Everyone knows Napa Valley and chances are you have been there. Napa has long been one of the world’s great wine-producing regions and it is simultaneously one of America’s most visited wine-tourist destinations.
Napa wineries are also great innovators and regional trends are frequently imitated in other parts of the globe. So even if you think you know Napa, it is a region that is continually evolving.
During a conversation with Karen Rowley, co-founder of Curated Journey’s, we discovered five reasons to begin planning our next Napa visit.
For many years Napa wineries have been sourcing fruit from Coombsville, but the growing region remained largely undiscovered. As a result, Coombsville has retained a quaint, rural charm that is largely absent from some highly-trafficked parts of Napa Valley.
Following its AVA (American Viticultural Area) designation in 2011, Coombsville attained an appellation status and the region’s wines began to gain notoriety. Because of its unique microclimates and the ability to grow valley, mountain and coastal grapes, it is safe to say that Coombsville is poised to become the next great Napa AVA.
Heritage Vineyard Preservation
The overarching goal of the heritage vineyard preservation project is to provide superior varietal selections to growers from historic old vine plantings. Many of these dry-farmed vineyards date back more than 50 years and many survived the phylloxera aphid that did widespread damage in the 1960s. More importantly, they avoided the fate of many old vineyards that are more often replaced with with younger vines to increase yields.
The Historic Vineyard Society is spearheading this movement and certifies the vineyards with scientific dating. Pictures are available on the Society website, but you simply have to see these old, gnarled vines for yourself.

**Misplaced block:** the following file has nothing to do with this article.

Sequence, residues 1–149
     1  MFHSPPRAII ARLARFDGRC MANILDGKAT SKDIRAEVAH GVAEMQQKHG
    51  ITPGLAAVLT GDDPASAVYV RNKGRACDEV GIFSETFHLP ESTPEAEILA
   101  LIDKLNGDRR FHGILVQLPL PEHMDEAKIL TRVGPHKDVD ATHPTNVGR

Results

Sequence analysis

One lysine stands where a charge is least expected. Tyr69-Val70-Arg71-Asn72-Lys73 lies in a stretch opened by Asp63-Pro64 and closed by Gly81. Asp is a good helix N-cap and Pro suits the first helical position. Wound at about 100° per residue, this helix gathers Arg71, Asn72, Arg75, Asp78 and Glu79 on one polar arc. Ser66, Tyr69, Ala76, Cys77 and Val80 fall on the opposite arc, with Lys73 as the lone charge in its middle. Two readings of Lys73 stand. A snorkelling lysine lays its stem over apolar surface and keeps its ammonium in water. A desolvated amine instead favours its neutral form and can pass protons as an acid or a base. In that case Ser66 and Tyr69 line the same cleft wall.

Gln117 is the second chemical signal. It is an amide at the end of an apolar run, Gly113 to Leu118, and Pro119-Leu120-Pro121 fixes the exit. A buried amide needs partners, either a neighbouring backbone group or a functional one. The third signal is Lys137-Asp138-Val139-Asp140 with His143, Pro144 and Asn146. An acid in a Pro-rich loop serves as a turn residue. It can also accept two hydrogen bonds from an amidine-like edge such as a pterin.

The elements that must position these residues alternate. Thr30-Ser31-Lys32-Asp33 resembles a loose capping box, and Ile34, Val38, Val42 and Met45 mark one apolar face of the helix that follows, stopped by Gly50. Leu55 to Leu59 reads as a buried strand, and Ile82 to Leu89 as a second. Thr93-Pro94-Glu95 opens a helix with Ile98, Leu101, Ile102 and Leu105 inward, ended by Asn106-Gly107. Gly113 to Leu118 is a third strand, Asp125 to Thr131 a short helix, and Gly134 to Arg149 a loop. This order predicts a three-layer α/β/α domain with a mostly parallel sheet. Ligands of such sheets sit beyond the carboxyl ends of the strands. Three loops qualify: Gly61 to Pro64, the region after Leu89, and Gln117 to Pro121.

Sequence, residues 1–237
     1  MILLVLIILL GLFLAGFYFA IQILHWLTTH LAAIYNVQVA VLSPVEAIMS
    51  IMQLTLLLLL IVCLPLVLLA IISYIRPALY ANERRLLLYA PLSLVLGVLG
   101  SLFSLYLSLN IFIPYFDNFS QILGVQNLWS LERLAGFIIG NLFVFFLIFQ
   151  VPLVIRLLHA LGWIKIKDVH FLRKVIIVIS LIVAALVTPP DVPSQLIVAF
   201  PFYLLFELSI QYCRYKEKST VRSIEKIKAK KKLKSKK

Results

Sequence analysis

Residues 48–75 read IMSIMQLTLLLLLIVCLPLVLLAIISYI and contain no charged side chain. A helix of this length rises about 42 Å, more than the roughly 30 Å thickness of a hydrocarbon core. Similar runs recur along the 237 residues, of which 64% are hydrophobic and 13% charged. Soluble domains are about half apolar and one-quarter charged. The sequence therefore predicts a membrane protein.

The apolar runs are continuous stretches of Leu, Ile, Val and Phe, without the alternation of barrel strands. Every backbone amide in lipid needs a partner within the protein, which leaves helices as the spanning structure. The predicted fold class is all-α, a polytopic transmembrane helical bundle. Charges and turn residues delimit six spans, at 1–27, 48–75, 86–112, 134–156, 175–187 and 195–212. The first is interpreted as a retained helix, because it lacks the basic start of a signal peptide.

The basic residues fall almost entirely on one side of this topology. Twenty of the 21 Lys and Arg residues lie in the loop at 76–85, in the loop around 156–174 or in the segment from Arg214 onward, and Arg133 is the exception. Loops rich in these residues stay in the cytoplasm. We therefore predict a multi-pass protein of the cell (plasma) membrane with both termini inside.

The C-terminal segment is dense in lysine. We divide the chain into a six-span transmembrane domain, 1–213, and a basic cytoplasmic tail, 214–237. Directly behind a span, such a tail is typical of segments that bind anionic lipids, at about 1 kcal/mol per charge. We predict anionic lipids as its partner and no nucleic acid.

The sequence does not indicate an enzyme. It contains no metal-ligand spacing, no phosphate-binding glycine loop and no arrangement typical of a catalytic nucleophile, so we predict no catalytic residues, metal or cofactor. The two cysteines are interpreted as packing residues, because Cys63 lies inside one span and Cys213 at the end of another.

Napa winemakers are increasingly applying some part of their production energy and winemaking skill to creation of very small batches of wine. This will not replace the larger production projects aimed at larger markets, but allows winemakers a degree of experimentation and freedom to practice their craft in a less scripted manner. Such “micro production” can range from a few cases to a couple of barrels.
One example of this approach can be found at Handwritten Wines, where small production wines are made from the same Cabernet clones planted in 2 acre plots in 5 different Napa appellations. You can taste and compare these wines for a particular vintage at their tasting room in Yountville.
Native Wild Yeast Fermentation
Native wild yeast is the white “powder” found covering grapes as they hang on the vine. Many winemakers avoid use of wild yeast, because it is difficult to control during fermentation. When done right, however, the benefits can outweigh the risks and can provide a level of complexity unattainable with commercial yeast.
Wines made from wild yeast can be found throughout the winemaking world, but large numbers of Napa producers are beginning to embrace it as a tool for “natural” fermentation. A belief that naturally occurring yeast helps identify wine with terroir is at the heart of the movement.
By definition, a “cult wine” is one that uses only the highest quality grapes to produce wines of nearly unparalleled superiority. While Bordeaux estates like Château Lafite Rothschild and Château Latour may be some of the earliest examples, Napa has taken cult wine to the next level.
The low-production, high-quality wines produced in Napa have gathered an enthusiastic audience. Cabernet Sauvignon is the primary variety and some are also commanding record prices. VGS Chateau Potelle recently sold a 10-case lot of their cult Napa Cab at auction for $114,300.
Planning Your Trip
Curated Journeys takes Napa Valley visitors to exclusive wineries, private estates, vineyards, and caves and gives them personal interaction with chefs, winemakers, vintners, and culinary luminaries for an unparalleled experience in wine country.